Drive around Denver and you’ll see a fair share of billboards, sign twirlers and banners advertising super-cheap ounces, half-price joints and discounted edibles. Outdoor advertising is a major piece of the advertising strategy and a key competitive tool for many smaller cannabis dispensaries in the city.
But these businesses could have to overhaul their marketing approach in the coming months. Denver City Council is considering proposals to ban all outdoor MMJ advertising or at least prohibit ads within 1,000 feet of areas where children typically congregate, such as schools and rec centers.
This is either good or bad for the industry, depending on where you stand. Some medical marijuana organizations, such as the Medical Marijuana Industry Group (MMIG), have actually come out in support of a full ban. They argue that outdoor ads erode the industry’s credibility and turn the public against MMJ, which could lead to an outright ban on dispensaries, as happened in the city of Fort Collins. Other MMJ groups and professionals say a ban would unfairly target the industry and hurt smaller dispensaries that don’t have as much name recognition and are located in out-of-the-way areas.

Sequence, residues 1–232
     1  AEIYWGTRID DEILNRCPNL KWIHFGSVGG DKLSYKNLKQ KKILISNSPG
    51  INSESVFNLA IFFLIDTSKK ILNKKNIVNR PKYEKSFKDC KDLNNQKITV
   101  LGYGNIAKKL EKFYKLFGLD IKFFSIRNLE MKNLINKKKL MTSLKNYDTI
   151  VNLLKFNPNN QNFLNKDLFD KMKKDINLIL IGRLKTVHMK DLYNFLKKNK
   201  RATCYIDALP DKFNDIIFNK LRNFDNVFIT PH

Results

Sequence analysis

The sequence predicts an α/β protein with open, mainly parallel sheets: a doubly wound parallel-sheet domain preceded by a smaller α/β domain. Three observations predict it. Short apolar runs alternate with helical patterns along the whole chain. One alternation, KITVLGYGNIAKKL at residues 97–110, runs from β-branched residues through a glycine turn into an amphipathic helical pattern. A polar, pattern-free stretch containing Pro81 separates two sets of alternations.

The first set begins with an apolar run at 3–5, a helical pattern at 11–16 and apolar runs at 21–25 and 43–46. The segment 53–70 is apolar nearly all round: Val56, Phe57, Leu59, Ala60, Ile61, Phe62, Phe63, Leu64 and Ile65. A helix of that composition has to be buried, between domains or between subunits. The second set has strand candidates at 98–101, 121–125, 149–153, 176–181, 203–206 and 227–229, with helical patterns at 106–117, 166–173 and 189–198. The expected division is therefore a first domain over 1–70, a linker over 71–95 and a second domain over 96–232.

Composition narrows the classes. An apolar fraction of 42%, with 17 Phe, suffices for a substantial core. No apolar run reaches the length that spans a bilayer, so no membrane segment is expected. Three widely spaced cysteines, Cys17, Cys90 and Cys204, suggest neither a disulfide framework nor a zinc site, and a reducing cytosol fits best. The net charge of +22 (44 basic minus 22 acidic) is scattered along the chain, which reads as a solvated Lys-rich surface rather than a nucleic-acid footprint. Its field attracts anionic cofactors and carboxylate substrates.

In any case, a ban would force many dispensaries to change their marketing strategies. They’d have to rely more on the Internet and traditional forms of advertising, where it’s harder to stand out. Dispensaries would also find it more difficult to attract passersby and foot traffic. This would indeed affect small players the most, making it harder for them to compete with larger, multi-location dispensaries.
On the other hand, outdoor MMJ advertising has gotten out of control in Denver. Dispensaries are experiencing a backlash from residents who think the signs and billboards on busy streets across the city amount to blight and harm children.
None of this should be surprising: It’s bound to happen when an industry as controversial as medical marijuana doesn’t adopt – and stick to – best practices in the advertising realm.
The type of ads prevalent in Denver most certainly led to the backlash. Many outdoor advertisements seem to target general smokers rather than patients with serious medical conditions, using stoner words like “420” and “kush” and promoting rock-bottom prices and freebies rather than quality medicine.
Perhaps the industry could have avoided discussions of a ban in the first place if ads took on a more professional feel and were clearly aimed at patients. Let this be a lesson to other MMJ cities in Colorado and across the country.